Bamfield, British Columbia

Bamfield is a place on the west coast of Vancouver Iceland in British Columbia, Canada, in the municipality of Alberni - Clayoquot Regional District. It is located at the southern entrance to Barkley Sound, an area which can be reached either by sea, from Port Alberni or Ucluelet, or via an 80 km logging road. In 2006 he had 251 inhabitants in an area of 4.75 km ². 123 of the 191 buildings were inhabited. The residents of the area Huu -ay -aht are one of seven Nuu- chah- nulth tribes who live in this Sund.

The place is divided into Bamfield West, located on the Mills Peninsula and only on the water is available, and Bamfield East, which lies on the other side of Bamfield Inlet. The latter is between Bamfield Inlet and Grappler Inlet, at the end of which a small port located ( Port Desire ).


1849 left a ship carpenter named William Eddy Banfield his ship to trade with the Indians in the field of Huu -ay -aht trade. By 1860, Banfield established a permanent trading post which bore his name later. In 1862 he died under mysterious circumstances. While it was a Huu -ay -aht charged with murder, but could be demonstrated not to blame. There is much evidence that he is drowned while canoeing.

Diseases decimated the Huu -ay -aht in such a way that they had to give up in their capital Kiix ( Huu7ii )? . Some of the long houses and piles are still there today. The band hopes to make the village a " heritage site " and open it for tourism. They are supported by the Historic Sites and Monuments Board of Canada. The Huu -ay around 100 -aht today live mainly in the Pachena Bay. You are about to conclude with the Canadian government and the provincial government a treaty that will significantly increase their reserve, but at the same time privatized their possession.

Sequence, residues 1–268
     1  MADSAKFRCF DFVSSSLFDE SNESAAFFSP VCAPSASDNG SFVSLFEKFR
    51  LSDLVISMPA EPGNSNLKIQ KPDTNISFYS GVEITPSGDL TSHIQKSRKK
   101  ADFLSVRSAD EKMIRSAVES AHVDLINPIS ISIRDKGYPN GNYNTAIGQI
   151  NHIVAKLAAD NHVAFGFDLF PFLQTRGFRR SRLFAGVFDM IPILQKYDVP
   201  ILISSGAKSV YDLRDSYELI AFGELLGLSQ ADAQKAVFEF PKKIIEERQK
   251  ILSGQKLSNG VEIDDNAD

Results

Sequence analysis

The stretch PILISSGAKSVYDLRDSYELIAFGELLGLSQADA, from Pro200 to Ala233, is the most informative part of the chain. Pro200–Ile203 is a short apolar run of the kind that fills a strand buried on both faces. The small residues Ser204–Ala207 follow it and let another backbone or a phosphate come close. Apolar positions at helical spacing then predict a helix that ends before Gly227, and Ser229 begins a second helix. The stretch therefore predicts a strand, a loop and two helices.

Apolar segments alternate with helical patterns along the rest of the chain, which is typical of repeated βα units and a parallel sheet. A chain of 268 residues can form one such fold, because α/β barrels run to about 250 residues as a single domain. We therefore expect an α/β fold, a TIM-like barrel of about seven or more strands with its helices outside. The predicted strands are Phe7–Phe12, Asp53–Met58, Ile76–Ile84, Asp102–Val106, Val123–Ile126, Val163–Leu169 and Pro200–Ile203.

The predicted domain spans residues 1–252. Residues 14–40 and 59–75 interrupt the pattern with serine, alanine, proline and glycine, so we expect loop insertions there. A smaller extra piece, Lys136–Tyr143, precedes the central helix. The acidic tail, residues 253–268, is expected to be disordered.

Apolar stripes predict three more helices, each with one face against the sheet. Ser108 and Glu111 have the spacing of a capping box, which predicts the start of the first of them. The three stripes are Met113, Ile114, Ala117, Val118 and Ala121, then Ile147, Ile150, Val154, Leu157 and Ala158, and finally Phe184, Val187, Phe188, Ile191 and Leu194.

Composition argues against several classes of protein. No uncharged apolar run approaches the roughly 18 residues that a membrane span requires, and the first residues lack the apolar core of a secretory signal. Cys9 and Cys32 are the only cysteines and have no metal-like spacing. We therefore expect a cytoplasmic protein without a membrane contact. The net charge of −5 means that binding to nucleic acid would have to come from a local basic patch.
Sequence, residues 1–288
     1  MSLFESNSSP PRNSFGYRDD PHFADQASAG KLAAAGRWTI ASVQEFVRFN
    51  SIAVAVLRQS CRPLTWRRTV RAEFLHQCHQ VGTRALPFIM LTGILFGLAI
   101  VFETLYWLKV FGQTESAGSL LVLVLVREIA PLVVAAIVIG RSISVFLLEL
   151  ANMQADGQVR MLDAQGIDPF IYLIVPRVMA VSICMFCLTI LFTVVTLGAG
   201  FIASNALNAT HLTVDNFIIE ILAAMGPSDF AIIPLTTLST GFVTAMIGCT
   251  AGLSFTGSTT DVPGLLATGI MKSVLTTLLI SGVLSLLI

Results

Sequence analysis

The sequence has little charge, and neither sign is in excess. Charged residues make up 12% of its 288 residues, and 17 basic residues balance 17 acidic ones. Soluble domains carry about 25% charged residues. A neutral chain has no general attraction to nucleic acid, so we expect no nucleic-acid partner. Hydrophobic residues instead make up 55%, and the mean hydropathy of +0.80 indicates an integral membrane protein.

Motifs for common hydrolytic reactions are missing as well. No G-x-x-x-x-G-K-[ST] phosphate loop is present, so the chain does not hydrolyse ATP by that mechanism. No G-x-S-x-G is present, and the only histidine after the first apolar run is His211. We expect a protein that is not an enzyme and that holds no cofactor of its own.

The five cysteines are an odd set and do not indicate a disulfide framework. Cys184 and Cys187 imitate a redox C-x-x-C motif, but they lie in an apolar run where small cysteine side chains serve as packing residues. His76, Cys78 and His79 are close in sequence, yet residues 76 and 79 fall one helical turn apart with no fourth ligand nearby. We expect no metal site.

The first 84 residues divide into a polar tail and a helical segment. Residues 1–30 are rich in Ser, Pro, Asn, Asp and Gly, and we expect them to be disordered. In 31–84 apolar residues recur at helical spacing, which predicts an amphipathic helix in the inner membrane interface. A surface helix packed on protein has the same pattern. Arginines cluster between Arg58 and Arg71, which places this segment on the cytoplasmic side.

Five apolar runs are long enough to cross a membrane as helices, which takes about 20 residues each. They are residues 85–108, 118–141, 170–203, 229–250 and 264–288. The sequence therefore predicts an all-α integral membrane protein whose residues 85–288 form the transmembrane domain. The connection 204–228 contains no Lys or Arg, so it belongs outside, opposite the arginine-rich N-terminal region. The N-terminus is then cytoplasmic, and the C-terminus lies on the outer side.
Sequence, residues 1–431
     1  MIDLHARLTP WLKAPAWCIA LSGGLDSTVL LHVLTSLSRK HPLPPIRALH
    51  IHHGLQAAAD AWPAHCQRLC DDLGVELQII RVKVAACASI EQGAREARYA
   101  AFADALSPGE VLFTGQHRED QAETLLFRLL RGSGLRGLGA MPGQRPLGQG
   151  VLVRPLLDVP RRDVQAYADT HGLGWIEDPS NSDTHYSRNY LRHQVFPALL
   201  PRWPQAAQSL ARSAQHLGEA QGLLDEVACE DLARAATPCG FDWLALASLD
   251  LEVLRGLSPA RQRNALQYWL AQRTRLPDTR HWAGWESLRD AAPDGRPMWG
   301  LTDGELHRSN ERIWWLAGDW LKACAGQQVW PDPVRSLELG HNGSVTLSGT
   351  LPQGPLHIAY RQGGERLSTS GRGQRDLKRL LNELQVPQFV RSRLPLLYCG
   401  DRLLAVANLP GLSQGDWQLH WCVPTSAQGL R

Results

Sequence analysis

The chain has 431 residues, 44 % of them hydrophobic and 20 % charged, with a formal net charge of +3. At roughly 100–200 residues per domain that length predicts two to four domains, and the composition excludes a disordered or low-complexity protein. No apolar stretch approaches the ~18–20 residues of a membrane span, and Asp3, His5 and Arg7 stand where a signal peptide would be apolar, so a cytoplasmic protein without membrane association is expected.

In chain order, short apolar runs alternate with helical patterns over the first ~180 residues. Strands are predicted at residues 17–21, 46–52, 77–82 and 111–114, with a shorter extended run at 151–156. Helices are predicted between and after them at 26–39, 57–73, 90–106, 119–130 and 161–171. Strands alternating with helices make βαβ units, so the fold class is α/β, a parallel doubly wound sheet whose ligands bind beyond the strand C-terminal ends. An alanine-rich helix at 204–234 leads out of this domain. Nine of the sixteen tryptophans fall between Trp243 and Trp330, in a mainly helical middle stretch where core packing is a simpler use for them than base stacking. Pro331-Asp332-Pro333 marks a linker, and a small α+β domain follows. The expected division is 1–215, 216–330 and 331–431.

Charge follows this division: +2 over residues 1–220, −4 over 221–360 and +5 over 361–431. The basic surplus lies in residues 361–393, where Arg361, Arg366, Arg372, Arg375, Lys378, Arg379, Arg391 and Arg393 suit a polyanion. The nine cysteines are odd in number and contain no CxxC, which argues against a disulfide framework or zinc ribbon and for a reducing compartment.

1902 Bamfield end point of a submarine telegraph cable that linked the British part of North America with Australia. 1903 opened the first post office, but the spelling mistakes of a government employee made ​​from Banfield ado Bamfield - although the place still lies at Banfield Inlet.

1959 closed the telegraph station after the cable had been extended to Port Alberni. There Bamfield Marine Sciences opened in 1972, a research center that also works in the service of tourism. This hitherto tourism focuses on fishing, kayaking and hiking, but extends to cultural and historical areas.


The census in 2011 showed a population of 155 inhabitants of the settlement. The population of the settlement has thereby decreased compared to the census of 2006 at 38.2 %, while the average for the entire province of British Columbia, the population grew at the same time by 7.0%. 85 Of the inhabitants of the settlement were male and 70 female. 92.9 % of residents were older than 15 years, the number of children and adolescents is significantly below the average for the province.

Of the approximately 250 residents of the census in 2006 gave 190 residents claim to have Native American ancestry, 25 were members of a First Nation. Around 50 inhabitants spoke Spanish or Italian.